Risk situations occur frequently in an operating room environment. What starts as a minor equipment failure may lead to an electrical fire and electrical shock. Finnish authorities and hospital engineers are well aware of these risks. That is why an insulation monitoring system has been mandatory in all operating rooms in Finland since 1983. This kind of a system is also required in G2 facilities in all EU countries. With this presentation, I would like to tell the audience our concept: how we have ensured the safety of the operating rooms in Finland.
Electrical damages in operating rooms are an invisible danger. Even in a Finnish modern hospital might occur over 20 faults/alarms in a day. The safety of the personnel and the patient must be ensured. The safety of the personnel and the patient must be ensured. That is why the electric power network of the operating room is separated from electrical grid with a medical isolation transformer. The insulation level monitoring system monitors all the electrical devices connected behind this transformer. The equipment indicates the faults and problems before dangerous situations arise.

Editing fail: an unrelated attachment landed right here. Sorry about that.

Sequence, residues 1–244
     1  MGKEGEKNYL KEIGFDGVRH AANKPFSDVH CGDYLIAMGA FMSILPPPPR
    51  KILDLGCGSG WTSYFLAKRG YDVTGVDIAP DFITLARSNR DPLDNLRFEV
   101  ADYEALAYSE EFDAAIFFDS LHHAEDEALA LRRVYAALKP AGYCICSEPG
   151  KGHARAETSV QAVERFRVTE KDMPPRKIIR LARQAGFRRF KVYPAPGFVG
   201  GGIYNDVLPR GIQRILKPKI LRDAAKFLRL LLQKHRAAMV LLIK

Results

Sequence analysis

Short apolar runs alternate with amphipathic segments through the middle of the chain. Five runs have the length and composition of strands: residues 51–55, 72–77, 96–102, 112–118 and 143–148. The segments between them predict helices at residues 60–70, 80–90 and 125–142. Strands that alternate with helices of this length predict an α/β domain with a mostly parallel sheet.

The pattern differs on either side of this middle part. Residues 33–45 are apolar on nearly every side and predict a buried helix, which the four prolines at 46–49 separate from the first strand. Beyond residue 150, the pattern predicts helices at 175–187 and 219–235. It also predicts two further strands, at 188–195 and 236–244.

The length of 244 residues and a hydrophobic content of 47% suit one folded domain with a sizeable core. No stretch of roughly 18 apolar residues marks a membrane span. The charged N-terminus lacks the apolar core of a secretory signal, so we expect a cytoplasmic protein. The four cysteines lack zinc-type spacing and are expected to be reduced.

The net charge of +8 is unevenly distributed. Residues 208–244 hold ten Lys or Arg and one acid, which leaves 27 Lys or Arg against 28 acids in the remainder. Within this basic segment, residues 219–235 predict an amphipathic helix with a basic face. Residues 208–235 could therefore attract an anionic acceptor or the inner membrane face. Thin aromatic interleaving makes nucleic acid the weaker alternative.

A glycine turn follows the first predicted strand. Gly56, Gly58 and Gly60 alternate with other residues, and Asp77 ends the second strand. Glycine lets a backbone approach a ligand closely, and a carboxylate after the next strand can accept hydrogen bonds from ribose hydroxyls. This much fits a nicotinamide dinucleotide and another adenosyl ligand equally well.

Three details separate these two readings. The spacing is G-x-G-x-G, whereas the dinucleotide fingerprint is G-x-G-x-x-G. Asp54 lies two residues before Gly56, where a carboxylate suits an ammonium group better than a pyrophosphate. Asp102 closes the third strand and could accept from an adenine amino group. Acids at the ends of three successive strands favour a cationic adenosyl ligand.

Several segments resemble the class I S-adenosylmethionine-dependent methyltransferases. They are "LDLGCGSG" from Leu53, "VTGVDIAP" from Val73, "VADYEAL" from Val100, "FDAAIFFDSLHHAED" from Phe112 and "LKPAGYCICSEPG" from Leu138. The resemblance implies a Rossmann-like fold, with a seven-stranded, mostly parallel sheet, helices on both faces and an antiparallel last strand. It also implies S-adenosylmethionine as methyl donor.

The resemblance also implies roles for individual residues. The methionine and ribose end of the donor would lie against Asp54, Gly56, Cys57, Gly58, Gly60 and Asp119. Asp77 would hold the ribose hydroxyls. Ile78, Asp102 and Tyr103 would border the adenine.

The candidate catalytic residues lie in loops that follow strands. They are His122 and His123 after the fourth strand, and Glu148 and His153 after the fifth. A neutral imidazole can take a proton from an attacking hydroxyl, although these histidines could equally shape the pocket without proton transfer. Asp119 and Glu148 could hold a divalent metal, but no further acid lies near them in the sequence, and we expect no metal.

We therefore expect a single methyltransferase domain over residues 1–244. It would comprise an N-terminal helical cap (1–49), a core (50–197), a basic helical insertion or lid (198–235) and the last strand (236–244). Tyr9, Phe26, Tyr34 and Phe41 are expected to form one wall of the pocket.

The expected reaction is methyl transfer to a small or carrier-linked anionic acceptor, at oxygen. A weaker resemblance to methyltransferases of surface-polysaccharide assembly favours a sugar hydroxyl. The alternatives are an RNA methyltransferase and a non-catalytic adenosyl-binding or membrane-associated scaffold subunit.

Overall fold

The insulation level monitoring system controls each socket and device. As soon as a problem occurs, the system gives an alarm before a dangerous situation arises. In many countries, the situation is different. Operating rooms may only have a residual-current device that switches the electricity off when a device breaks down. That is not a sufficient level of safety.A residual-current device that switches the electricity off does not give a warning – insulation level monitoring is therefore needed.
A country’s own legislation may not require an IT-system and insulation-level monitoring in G2 facilities, but it is seriously worth considering. Besides safety, it all comes down to costs to a large extent. When problems are detected at an early stage, hazardous situations during operations can be prevented. This creates major cost savings.